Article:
That nobody could supply with hours
Because they speak solitude of eternities,

You will always be above the living soil,
You will always be riot full of dawns,
The heroic flower of successive dawns.

— Carlos Pellicer

Photo: Lola Alvarez Bravo, c. 1950


Ralph Gibson (b. Jan 16, 1939): Nude, from Days at Sea portfolio, 1974


Osip Brik, Jan. 16, 1888 – 1945: Russian avant garde writer and literary critic - one of the most important members of the Russian formalist school, though he also identified himself as one of the Futurists…

Brik was co-founder with Mayakovsky of the most dynamic avant-garde journal of the early Soviet era, Left Front of Art, which was also an official publication for the group with the same name, and a platform for Russian Constructivist art…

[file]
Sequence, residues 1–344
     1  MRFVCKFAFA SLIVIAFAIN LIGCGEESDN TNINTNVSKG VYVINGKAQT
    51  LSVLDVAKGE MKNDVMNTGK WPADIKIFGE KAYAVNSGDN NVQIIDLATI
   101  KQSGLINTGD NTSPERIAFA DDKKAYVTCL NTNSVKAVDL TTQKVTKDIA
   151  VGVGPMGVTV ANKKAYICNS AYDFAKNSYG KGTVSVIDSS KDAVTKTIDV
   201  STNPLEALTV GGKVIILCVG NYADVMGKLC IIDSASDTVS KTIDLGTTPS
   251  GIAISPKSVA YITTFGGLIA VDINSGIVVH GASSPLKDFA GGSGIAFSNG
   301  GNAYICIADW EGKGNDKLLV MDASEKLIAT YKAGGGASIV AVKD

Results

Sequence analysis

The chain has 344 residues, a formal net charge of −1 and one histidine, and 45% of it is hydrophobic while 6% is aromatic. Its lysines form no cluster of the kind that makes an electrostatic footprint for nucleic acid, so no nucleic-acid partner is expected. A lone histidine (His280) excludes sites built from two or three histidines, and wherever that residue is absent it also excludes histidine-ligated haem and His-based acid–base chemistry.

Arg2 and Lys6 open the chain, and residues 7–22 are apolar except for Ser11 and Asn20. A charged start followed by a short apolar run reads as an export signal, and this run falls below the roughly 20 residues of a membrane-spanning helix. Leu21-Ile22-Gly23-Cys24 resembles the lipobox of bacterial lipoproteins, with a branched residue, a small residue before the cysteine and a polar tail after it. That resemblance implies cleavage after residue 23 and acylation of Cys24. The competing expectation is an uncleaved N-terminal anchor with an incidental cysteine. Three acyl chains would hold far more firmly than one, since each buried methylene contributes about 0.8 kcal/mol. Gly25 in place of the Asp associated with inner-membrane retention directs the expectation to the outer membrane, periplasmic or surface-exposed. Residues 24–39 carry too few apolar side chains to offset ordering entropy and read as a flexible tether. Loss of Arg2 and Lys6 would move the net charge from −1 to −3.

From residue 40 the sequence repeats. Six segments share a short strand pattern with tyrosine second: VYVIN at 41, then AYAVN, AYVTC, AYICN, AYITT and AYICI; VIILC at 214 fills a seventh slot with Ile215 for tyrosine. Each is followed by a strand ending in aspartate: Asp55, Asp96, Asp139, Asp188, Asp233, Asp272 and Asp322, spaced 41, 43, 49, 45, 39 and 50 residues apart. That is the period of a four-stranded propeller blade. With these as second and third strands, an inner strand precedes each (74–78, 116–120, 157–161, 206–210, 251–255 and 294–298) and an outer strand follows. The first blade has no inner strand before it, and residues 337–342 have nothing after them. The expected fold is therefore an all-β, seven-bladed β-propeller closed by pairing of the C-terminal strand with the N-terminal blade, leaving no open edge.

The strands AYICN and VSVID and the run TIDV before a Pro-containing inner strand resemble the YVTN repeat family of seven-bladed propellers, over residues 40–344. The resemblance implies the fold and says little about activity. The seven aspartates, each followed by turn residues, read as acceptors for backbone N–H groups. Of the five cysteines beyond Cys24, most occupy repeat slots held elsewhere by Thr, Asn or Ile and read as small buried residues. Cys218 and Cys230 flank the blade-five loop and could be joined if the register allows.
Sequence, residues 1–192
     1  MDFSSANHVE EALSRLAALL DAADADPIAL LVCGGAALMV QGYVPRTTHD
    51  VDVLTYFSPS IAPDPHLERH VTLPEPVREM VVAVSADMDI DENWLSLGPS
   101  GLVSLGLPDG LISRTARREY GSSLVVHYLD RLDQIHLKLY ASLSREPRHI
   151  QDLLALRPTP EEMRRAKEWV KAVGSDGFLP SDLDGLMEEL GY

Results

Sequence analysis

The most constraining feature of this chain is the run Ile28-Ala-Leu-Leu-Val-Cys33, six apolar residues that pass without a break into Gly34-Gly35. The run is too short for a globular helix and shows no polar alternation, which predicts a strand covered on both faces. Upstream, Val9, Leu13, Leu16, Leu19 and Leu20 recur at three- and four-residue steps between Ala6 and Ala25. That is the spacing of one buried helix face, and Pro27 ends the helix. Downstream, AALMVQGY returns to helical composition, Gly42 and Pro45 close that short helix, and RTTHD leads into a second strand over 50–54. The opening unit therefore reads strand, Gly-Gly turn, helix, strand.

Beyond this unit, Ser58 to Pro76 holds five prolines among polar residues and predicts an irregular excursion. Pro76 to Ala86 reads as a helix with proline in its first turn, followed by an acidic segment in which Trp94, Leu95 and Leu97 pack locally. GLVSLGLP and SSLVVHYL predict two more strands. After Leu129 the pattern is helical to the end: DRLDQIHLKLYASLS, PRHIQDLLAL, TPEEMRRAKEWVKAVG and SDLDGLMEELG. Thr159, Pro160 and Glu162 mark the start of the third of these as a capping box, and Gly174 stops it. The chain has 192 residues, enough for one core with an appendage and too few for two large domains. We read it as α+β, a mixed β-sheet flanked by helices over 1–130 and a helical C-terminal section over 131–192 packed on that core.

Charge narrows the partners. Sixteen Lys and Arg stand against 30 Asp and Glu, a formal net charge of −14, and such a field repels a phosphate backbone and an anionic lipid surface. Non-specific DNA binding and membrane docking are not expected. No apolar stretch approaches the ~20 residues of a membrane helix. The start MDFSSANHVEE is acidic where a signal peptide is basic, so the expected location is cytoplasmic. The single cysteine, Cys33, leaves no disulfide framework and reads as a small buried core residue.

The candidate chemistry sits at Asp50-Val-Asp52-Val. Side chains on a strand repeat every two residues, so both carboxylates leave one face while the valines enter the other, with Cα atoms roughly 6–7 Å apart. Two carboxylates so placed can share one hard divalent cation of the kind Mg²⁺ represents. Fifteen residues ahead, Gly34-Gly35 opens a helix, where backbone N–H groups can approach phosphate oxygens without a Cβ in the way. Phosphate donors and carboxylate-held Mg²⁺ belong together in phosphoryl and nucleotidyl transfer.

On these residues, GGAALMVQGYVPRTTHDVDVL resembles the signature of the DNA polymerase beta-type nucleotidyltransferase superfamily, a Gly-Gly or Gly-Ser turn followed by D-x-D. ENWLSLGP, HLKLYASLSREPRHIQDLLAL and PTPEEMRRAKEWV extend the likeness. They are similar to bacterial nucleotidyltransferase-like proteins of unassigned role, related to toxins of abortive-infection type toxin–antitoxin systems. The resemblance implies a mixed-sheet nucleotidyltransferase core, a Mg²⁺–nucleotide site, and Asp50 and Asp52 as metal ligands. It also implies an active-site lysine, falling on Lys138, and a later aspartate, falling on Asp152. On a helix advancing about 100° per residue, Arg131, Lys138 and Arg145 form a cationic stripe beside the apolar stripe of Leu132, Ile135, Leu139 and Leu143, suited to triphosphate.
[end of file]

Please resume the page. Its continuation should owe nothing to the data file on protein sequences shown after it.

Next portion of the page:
Photo: Alexander Rodchenko: The Critic Osip Brik, 1924 - raw version before montage, which inserted the acronym LEF (in Cyrillic letters) in Osip’s ‘blind’ spectacle glass…


Jan 16, 1933 was the birthday of eminent writer and critic (of photography, camp - and many other cultural texts and practices), Susan Sontag (d. 2004, cancer)…

Regarding Susan Sontag is a feature-length documentary in production on the late critic, novelist, director, and activist. The film follows Sontag through a life marked by moral conviction, engagements with fascinating people, and public controversy.

Above - still from Regarding Susan Sontag


William Kennedy (born 16 January, 1928), pictured above in his library, in a 1993 photograph by Nancy Schiff